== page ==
Nobody likes to be deceived. However, according to an experiment realized by psychologists at the University of Massachusetts, 60% of people are able to say an average of three lies every 10 minutes of conversation with a stranger. Of course, it generally consists of little lies and simple omission of the truth, but the fact is that many people would also be willing to say “white lies”.
White lies are deceptions apparently justified because they aim to prevent another person from suffering. Someone decides to hide the truth because another would not face a too difficult reality. However, often white lies are not good and have second motives.
Five truths that hide white lies
1. Imply a condescending judgment. A white lie always implies that someone has decided for us that we do not have the necessary psychological resources to deal with the truth. When someone decides to hide the reality for the “good” of the other, it assumes that that person is not able to take certain consequences. Therefore, these kinds of lies always imply a judgment about our capabilities, an assessment that is not always adequate. In fact, to many people it hurts much knowing that someone believed they were not up to the truth or simply don’t deserve to know it.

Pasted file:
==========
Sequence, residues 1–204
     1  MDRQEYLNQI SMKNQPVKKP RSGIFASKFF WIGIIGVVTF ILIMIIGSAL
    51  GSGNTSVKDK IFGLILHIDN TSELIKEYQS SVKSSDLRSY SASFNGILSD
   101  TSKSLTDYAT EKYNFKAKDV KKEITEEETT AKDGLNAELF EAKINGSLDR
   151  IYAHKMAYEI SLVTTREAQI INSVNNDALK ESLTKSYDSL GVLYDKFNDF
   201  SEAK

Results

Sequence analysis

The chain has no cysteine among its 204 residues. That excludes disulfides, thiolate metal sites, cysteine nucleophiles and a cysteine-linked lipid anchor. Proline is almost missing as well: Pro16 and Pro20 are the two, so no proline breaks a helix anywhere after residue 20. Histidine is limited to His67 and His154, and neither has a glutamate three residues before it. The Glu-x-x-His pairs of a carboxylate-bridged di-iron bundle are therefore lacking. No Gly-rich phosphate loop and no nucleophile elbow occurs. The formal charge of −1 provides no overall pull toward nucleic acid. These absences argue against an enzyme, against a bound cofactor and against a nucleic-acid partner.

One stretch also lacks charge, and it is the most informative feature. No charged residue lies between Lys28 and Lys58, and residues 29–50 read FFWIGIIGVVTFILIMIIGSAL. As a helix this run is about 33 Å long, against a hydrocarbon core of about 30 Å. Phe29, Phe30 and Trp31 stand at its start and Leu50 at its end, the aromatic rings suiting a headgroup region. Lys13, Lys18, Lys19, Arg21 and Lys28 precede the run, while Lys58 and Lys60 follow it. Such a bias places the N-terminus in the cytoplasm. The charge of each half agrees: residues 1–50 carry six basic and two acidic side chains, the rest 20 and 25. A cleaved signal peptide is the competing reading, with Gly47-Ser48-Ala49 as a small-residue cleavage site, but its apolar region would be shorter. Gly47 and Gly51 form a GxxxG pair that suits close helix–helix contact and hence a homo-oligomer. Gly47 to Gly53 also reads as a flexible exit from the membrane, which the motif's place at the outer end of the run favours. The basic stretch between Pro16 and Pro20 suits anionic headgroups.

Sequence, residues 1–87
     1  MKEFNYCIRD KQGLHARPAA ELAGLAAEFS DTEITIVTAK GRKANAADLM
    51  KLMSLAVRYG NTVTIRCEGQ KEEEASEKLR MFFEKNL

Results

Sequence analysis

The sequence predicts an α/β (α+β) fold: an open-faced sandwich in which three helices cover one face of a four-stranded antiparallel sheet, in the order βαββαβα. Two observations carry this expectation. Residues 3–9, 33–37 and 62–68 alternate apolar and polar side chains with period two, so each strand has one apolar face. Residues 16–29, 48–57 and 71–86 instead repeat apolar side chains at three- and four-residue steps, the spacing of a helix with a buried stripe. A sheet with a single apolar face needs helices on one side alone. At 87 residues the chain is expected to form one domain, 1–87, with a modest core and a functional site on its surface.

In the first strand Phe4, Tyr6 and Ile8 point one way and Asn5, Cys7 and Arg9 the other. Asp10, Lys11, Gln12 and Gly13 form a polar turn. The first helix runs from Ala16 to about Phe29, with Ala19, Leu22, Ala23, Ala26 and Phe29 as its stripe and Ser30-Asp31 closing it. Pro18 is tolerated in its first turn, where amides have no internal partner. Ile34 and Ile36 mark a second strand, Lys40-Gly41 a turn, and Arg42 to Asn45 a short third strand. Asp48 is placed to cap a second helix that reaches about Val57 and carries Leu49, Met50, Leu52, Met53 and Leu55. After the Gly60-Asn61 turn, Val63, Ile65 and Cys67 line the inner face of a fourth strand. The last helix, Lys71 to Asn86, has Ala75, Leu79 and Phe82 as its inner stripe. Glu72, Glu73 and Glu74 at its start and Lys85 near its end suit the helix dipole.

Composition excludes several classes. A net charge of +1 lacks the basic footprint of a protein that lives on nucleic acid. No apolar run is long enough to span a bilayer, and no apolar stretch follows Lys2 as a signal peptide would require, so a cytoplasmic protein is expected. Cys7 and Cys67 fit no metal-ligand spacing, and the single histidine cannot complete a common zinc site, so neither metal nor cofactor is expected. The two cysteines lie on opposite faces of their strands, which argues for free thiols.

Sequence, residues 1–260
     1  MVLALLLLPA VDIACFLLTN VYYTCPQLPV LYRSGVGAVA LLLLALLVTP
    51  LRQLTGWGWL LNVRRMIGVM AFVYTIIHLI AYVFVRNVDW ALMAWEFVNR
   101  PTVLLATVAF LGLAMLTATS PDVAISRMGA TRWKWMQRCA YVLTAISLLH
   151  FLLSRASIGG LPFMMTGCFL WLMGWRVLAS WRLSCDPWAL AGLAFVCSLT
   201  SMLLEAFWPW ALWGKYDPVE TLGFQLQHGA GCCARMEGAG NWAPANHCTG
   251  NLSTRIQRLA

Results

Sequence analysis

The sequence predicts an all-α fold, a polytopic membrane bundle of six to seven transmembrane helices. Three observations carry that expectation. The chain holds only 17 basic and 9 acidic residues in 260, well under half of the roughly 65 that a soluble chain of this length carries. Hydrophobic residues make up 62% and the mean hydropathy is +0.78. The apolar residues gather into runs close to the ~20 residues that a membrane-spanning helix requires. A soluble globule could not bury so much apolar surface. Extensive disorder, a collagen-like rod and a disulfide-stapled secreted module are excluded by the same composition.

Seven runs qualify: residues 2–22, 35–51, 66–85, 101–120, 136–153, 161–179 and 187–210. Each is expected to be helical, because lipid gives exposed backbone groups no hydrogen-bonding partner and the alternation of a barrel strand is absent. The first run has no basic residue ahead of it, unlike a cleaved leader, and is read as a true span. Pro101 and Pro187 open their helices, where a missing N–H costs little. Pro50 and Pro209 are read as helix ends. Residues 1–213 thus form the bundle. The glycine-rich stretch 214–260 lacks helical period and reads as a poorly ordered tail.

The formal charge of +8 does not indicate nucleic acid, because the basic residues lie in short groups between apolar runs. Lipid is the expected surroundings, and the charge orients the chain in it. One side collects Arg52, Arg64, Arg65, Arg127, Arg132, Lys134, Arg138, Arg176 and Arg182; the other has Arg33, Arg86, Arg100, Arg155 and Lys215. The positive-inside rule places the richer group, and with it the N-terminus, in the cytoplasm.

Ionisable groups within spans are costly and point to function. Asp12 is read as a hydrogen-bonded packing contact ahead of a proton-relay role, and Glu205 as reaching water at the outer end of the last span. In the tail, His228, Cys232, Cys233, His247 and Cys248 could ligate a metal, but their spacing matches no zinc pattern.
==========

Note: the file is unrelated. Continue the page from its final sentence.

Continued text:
2. Prevent to decide consciously. Resort to a white lie means to quit to someone the opportunity to decide, perhaps even of his destiny or an important event in his life. Of course, deciding without knowing the reality isn’tt good as well. When someone lie to us or hide us a part of the reality, we are condemned to live in ignorance, an ignorance that can be very harmful and can have consequences that we can not anticipate. Thus, tackling the problem, we find solutions exclusively to a part of the reality, ignoring the rest. Of course, in these conditions, the solution we find will be a simple patch that will not help to stop the bleeding.